Quick Question: Is a triple termination of cached TweenObjects (or just Instances at all) unnecessary?


-- somewhere at the top, assign a table to a variable
local T = {}

-- somewhere, make a tween
T[A] = tweenobj

-- somewhere else, want the previous A to get out so I can use a new A
A = nil

-- slightly below above, do my thing
A = newtweenobj

Often at times, I cache Tween objects into table if I need to operate on them in the future (such as overriding and cancelling tweens to play another one over top). In such a case, I do three things in order:

  • Cancel the tween
  • Destroy the tween
  • Set the indice to nil

Do I really need to do this? I feel like what I’m doing is unnecessary and I don’t understand when or why I started doing this in the first place.

Calling :Destroy() on a Tween has never worked for me. Setting it to nil is sufficient enough.

Although it is not required to set it to nil if you’re going to replace it with a new tween.

1 Like

TweenObjects are Instances, so Destroy can be called on them. Destroy is a method of the Instance superclass in which all instances inherit from (obviously). Destroy is intended to disconnect all connections from the Instance and parent it to nil, where it can be garbage collected. You typically should be destroying all instances you do not need.

My question is whether I need to do all three of these things or not. I can most likely skip Destroy since no connections are being made; it’s just the caching and potential memory leak that is of concern.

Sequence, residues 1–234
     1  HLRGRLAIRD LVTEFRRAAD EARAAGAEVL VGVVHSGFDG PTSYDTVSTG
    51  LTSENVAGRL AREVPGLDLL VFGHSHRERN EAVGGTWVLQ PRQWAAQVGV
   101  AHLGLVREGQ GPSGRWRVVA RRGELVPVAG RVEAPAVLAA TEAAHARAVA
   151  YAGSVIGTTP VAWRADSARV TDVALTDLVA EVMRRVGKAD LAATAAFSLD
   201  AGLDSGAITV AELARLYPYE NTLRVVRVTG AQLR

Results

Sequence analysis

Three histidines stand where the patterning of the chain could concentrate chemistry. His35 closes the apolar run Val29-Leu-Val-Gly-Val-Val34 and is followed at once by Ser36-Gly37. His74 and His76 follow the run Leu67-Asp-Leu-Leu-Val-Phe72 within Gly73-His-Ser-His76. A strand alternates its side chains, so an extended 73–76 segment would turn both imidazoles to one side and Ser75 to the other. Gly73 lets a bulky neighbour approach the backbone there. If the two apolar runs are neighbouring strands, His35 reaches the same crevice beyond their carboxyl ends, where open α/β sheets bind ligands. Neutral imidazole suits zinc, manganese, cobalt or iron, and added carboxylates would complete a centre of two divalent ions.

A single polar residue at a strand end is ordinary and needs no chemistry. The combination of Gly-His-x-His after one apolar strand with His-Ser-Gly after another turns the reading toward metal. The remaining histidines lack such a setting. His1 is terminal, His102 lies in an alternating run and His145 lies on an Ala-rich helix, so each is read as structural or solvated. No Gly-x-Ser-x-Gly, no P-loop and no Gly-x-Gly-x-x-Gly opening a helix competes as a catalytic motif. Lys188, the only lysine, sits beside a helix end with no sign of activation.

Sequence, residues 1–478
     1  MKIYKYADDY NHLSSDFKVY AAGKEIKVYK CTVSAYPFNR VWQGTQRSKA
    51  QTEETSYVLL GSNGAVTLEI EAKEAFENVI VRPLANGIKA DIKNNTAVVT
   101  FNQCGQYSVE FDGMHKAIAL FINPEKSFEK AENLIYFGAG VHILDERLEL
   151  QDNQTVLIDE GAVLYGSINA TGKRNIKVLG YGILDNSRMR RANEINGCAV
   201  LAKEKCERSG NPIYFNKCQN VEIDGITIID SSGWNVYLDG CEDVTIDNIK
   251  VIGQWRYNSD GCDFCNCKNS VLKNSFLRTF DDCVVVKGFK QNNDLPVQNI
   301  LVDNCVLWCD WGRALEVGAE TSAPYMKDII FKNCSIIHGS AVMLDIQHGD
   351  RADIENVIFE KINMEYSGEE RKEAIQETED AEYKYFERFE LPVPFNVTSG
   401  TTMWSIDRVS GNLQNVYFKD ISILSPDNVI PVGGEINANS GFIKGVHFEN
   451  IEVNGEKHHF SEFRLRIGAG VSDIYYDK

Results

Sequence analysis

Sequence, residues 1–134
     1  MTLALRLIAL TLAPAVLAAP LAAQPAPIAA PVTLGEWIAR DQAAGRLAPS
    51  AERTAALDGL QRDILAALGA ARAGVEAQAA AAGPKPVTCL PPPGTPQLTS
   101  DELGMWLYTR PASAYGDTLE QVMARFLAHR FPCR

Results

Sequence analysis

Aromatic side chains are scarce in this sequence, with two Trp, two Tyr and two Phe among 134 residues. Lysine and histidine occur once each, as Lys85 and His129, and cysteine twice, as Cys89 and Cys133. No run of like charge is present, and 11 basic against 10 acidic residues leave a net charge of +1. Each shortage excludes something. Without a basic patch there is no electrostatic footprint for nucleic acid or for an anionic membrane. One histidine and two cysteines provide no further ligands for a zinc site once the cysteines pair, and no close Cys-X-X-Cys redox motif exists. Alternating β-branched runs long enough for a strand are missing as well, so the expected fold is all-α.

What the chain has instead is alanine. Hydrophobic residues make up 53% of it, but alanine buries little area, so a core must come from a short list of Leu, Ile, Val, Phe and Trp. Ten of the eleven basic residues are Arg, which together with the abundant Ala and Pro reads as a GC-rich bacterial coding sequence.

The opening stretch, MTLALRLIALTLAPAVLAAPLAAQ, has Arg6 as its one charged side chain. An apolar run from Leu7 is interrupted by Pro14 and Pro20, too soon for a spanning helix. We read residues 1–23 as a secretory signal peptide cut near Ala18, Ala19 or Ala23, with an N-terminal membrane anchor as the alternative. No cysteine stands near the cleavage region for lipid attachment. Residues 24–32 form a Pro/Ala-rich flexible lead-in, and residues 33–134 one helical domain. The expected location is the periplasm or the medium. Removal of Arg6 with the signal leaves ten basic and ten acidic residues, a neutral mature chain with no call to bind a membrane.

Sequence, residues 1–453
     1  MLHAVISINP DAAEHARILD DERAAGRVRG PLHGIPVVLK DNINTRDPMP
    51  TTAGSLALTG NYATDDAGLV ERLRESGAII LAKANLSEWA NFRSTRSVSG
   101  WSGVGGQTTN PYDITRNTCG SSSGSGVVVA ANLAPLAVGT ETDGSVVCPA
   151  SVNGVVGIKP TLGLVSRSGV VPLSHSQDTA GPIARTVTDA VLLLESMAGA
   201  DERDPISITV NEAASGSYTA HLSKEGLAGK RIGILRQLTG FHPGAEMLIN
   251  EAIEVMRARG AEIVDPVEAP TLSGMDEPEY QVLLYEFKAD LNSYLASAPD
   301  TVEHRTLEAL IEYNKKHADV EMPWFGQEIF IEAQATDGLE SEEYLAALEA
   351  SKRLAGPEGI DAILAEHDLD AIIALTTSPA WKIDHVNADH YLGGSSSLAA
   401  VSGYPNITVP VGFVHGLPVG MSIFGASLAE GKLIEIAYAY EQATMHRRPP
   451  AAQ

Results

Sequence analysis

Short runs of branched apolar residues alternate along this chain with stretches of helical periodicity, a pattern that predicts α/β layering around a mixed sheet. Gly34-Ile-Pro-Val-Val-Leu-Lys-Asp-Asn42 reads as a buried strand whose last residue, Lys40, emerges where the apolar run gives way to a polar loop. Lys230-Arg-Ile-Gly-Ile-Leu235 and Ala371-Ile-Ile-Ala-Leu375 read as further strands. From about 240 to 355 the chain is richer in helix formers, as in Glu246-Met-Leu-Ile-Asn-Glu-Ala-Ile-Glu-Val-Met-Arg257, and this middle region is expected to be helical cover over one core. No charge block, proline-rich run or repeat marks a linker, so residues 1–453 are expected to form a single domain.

“Although it is not required to set it to nil if you’re going to replace it with a new tween.”

Is this an implication that the previous value is set to nil if the variable is overwritten? My knowledge on variable overwriting is antiquated. I always clean up my previous variable before overwriting, if its a userdata.

If the variable is overwritten the previous value does not exist anymore. Which is equivalent of setting it to nil.

Memory Leaks would be my only concern as well. However in my testing of if setting them to nil causes a leak didn’t provide clear results to me. I didn’t notice any leaks, and is something that’d probably require more thorough testing to provide a more clear answer.

1 Like

Fair enough. I’ll mark the first post as the solution since the ensuing conversation was asking for elaboration. I figured as such, three times over is a little much.